Small Business Spotlight: Avery Hall Insurance Company

Avery Hall Insurance — an insurance group with offices in Eastern Maryland and Delaware — is on a mission to provide its customers and the companies it represents with the highest standard of service, professionalism and dedication. Key to delivering on that mission is the people it hires, which includes people of all abilities.

For many businesses, particularly small ones, it takes a great first experience hiring a person with a disability to help launch a disability inclusive work environment. That was certainly the case at Avery Hall, which was won over by the skills and talents of a young intern with a disability named Caitlyn.

The firm recruited Caitlyn through its local Business Leadership Network (BLN) chapter, the Eastern Shore Business Leadership Network (ESBLN), which contacted Avery Hall about a possible intern placement. While Avery Hall’s hiring managers had some initial trepidations about the prospect of hiring an intern with a disability, due merely to their lack of experience and exposure, their concerns were allayed by ESBLN, which clearly explained how Caitlyn’s skills matched the company’s needs.

The next step was the interview. Caitlyn, who uses a walker, expressed her eagerness to learn and her excitement about the internship opportunity. She impressed Avery Hall’s hiring manager with her confidence, qualifications and ambition, and she was quickly offered the job. Caitlyn joined Avery Hall three days a week for half-day shifts after her morning at school. She commuted by bus and proved herself to be a loyal and productive worker, eager to learn any task her colleagues were willing to teach her. Caitlyn began her internship learning basic computer processing, and her skills grew from there. Avery Hall ultimately offered her a part-time position, and today she continues to tackle any task that comes her way.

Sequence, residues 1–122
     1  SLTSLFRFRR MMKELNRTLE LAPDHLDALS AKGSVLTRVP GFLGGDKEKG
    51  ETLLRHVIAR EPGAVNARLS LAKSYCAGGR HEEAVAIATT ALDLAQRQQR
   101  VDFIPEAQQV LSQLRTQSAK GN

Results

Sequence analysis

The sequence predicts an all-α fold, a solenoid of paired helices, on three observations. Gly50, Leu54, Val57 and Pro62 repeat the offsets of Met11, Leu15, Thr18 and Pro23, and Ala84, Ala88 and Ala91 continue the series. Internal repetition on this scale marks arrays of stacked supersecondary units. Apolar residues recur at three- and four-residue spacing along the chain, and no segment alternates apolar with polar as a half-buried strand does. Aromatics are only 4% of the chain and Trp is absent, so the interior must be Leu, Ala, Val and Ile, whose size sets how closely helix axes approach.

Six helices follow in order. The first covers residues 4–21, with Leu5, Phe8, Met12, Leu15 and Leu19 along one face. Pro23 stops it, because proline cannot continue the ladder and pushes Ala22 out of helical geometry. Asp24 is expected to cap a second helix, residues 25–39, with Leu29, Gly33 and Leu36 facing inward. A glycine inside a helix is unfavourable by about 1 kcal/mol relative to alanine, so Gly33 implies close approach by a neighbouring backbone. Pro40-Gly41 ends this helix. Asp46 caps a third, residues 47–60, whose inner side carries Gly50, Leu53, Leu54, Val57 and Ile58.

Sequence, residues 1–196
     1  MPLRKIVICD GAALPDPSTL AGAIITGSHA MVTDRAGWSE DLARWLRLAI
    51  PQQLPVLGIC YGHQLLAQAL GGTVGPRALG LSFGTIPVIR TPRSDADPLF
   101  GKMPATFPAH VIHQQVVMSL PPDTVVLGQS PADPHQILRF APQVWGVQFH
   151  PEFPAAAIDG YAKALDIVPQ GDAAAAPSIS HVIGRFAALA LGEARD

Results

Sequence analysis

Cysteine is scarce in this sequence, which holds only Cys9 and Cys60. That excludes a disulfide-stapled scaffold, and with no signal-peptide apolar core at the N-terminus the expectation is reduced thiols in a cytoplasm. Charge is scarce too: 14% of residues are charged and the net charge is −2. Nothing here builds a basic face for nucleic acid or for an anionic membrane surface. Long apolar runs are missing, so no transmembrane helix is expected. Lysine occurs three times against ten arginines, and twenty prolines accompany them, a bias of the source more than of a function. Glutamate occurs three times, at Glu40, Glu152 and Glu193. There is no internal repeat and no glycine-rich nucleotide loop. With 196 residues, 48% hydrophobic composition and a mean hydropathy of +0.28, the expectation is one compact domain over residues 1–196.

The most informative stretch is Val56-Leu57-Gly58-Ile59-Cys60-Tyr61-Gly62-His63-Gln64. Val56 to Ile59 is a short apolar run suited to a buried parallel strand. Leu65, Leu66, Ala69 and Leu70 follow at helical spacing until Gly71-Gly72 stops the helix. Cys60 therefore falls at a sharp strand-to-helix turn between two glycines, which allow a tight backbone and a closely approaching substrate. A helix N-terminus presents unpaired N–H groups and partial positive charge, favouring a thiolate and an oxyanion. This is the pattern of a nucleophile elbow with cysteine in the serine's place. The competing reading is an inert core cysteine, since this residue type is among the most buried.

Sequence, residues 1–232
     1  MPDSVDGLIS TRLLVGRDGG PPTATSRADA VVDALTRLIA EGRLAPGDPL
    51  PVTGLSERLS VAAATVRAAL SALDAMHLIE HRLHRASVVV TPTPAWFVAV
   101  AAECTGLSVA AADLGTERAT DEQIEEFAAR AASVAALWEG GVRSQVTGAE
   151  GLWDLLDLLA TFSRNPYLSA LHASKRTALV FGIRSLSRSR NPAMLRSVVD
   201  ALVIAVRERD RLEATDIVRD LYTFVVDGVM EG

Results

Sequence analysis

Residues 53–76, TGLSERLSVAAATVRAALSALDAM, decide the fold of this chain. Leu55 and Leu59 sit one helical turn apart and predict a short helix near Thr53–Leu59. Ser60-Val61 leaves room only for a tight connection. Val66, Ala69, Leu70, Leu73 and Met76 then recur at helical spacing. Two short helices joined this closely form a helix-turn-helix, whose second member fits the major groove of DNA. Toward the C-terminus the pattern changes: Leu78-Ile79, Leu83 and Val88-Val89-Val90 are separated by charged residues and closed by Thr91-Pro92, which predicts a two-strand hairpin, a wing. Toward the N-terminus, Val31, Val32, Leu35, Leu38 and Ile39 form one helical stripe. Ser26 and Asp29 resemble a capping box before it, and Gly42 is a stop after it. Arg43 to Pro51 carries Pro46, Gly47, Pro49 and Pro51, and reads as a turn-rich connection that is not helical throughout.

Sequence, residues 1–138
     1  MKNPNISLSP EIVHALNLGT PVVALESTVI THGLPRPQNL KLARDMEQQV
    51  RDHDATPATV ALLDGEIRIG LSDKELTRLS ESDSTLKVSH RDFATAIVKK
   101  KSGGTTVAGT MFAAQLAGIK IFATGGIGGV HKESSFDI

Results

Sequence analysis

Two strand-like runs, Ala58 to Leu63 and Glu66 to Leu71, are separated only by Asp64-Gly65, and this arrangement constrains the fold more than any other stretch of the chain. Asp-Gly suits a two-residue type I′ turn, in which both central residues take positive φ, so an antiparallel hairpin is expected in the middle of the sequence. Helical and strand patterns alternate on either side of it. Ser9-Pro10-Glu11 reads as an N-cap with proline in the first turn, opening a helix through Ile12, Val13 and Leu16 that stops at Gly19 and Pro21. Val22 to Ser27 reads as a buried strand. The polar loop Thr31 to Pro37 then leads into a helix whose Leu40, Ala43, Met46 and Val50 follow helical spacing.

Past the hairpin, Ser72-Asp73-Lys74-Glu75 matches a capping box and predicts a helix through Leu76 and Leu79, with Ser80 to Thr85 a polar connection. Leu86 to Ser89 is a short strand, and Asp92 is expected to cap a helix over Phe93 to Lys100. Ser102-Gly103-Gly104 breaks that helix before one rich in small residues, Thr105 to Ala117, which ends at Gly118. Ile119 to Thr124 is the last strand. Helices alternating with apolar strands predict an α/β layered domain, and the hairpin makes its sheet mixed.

Since hiring Caitlyn, Avery Hall has also hired another full-time employee with a disability named Lauren. Because Lauren uses a wheelchair, the company installed a lift to allow barrier-free access to its second floor, which enables both Lauren and Caitlyn to participate in company luncheons and parties. Lauren has obtained her Property & Casualty insurance license, and is moving through the channels at the company very quickly.
“They say that employers who offer internships for people with disabilities are more likely to hire a person with a disability than those who do not. That’s certainly been the case at our company, where one great intern served as a gateway to a disability-inclusive workplace culture,” said Avery Hall’s Assistant Vice President Angie Strouth.

For more information on internships and other leading practices, access Small Business and Disability Employment: Steps to Success, which provides practical guidance for small businesses on how to recruit and retain qualified people with disabilities.

Editor’s Note: This is the latest installment in a periodic series of “Business Sense” issues showcasing the experiences of actual small businesses that are working to foster a disability-inclusive workplace culture. If you know of additional small businesses we should feature here, please tell us about them by contacting the Employer Assistance and Resource Network on Disability Inclusion (EARN)